October 24, 2005
Jefferson City, Mo. — Missouri Attorney General Jay Nixon today filed to intervene in a Public Service Commission investigation of natural gas distribution companies to determine what steps have been taken to mitigate sharp price increases for natural gas predicted for this winter. Nixon filed on behalf of state agencies, departments and institutions to protect the state's interest in assuring reliable natural gas service at reasonable and lawful rates.
"Like most Missourians, I am deeply concerned about the projected increases in heating bills this winter," Nixon said. "Because the state and its agencies are major consumers of utility services, including natural gas, the state has a significant interest in this investigation. What's good for the state's budget will be good for the consumers' budget."
The U.S. Department of Energy has projected that natural gas costs could be as much as 60 percent higher this winter compared to last winter; 57 percent of Missouri homes heat with natural gas.
Missouri rules and regulations require investor-owned natural gas companies to take measures to mitigate upward price volatility for consumers. If the Attorney General's Office is allowed to intervene in the PSC case, Nixon will be able to conduct a thorough investigation into the companies' compliance with those rules and regulations.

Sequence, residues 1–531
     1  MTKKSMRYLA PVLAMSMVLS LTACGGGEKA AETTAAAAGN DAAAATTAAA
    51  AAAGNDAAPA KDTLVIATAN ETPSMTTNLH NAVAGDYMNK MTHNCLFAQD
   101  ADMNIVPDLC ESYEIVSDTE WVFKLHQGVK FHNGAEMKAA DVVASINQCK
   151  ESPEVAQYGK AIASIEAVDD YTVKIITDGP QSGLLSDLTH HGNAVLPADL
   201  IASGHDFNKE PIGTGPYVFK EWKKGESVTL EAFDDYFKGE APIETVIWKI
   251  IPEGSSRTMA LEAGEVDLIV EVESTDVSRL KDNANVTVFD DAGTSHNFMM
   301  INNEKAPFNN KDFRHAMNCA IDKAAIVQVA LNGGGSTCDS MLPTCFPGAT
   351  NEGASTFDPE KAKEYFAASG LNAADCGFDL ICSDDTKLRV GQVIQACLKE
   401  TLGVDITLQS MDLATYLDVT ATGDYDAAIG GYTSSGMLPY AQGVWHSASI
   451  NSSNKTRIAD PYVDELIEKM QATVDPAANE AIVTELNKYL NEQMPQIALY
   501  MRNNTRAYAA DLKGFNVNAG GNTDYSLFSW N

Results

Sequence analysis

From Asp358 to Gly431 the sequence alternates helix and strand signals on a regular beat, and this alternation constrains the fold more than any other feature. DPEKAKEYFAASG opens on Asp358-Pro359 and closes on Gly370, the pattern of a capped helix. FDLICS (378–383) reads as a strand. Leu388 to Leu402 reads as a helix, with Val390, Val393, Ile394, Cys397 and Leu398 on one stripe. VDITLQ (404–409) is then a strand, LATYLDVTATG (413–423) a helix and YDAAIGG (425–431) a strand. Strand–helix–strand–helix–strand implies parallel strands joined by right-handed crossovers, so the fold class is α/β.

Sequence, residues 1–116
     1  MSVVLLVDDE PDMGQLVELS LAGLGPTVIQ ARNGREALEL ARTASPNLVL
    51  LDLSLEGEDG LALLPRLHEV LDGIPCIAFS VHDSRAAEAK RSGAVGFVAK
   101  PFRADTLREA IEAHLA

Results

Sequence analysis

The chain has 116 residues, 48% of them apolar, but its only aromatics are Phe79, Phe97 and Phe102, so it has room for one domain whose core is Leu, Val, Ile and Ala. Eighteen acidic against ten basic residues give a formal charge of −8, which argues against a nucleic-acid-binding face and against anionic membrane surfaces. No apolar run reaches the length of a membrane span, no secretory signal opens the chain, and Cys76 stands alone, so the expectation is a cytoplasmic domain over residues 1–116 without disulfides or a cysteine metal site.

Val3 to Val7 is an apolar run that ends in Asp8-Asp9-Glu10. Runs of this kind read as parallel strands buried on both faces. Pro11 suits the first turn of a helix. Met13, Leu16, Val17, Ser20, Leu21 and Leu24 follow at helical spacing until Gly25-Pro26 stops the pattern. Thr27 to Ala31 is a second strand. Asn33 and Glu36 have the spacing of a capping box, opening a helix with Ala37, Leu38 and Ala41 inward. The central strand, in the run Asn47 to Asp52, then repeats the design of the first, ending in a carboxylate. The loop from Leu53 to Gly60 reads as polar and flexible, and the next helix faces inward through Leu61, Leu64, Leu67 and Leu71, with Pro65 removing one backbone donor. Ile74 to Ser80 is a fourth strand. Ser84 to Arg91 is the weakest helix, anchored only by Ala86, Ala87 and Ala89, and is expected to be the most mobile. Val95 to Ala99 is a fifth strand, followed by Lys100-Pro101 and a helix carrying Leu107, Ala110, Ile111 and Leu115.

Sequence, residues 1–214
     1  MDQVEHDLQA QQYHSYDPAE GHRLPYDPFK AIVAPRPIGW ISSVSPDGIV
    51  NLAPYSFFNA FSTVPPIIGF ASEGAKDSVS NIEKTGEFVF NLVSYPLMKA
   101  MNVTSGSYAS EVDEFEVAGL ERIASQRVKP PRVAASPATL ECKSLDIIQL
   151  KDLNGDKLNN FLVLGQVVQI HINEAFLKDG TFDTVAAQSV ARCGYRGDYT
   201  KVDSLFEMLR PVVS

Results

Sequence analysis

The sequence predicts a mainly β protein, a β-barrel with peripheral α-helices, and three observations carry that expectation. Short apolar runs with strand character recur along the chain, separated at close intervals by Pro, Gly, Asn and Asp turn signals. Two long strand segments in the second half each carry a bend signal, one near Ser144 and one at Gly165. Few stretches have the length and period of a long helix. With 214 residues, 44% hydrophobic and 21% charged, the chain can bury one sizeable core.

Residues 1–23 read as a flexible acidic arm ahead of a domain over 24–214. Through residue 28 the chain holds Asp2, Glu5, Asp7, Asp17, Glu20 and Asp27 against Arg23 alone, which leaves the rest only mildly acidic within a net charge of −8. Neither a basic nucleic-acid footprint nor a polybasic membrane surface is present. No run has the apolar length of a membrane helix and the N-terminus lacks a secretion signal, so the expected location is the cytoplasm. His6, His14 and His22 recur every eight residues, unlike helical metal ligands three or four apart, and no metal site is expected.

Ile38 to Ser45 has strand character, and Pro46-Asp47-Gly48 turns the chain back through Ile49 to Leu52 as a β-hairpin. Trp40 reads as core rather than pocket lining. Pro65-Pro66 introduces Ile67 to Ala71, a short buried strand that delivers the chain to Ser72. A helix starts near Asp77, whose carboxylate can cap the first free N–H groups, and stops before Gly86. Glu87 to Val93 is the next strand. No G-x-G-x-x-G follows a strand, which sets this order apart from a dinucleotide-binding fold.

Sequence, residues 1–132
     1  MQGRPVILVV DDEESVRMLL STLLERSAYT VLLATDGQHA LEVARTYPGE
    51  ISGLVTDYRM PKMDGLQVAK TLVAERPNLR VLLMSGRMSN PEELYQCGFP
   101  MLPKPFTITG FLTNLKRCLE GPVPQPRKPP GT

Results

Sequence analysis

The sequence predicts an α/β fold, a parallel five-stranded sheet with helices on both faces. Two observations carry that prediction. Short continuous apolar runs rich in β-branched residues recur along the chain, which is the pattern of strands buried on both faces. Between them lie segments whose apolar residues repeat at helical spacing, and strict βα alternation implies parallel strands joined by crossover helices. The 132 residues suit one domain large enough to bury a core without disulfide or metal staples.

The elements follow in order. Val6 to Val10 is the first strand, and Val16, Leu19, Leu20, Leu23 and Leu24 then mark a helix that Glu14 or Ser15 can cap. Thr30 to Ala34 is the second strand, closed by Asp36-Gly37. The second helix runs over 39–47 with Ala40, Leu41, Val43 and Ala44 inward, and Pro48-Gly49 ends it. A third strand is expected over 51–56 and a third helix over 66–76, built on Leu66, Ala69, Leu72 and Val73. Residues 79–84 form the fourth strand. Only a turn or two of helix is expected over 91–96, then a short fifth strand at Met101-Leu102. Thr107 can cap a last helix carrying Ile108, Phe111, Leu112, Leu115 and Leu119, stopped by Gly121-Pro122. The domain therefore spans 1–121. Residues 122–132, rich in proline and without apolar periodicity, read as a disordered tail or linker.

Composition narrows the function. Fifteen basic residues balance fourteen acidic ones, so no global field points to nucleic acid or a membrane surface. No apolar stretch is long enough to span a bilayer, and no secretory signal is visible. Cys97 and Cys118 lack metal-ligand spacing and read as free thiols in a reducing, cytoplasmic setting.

Nixon has also joined with the Attorneys General of Illinois, Iowa, Minnesota and Wisconsin in sending letters to natural gas distribution companies in their states. They are asking for projections for natural gas prices and demand for the 2005-2006 heating season, and data for the past three heating seasons.
The Attorneys General also are seeking information about all measures investor-owned local distribution companies are taking to mitigate the high natural gas prices, including budget payment plans, bill amnesty or subsidies as well as information on internal efforts at energy efficiency, conservation and hedging buying practices. Those practices would allow the companies to lock in prices when rates are lower. The Attorneys General will use the information to help determine best-practice approaches to protecting consumers through litigation, state regulatory changes, education, and protection programs for low-income and other at-risk groups.
Last week, Nixon took action to provide more heating assistance for Missouri's low-income families. He sent a letter to Congress to requesting additional funding for the federal Low Income Home Energy Assistance Program (LIHEAP) in the next available emergency supplemental appropriations bill. The funding will help the neediest families allay financial crises and keep warm this winter.
Nixon's letter on LIHEAP follows a letter sent last month by most of the nation's governors, both Democrat and Republican. Nixon expressed concern that Missouri had not signed onto that letter. "The absence of Missouri from their letter should not suggest that Missourians do not need assistance," Nixon wrote in his letter.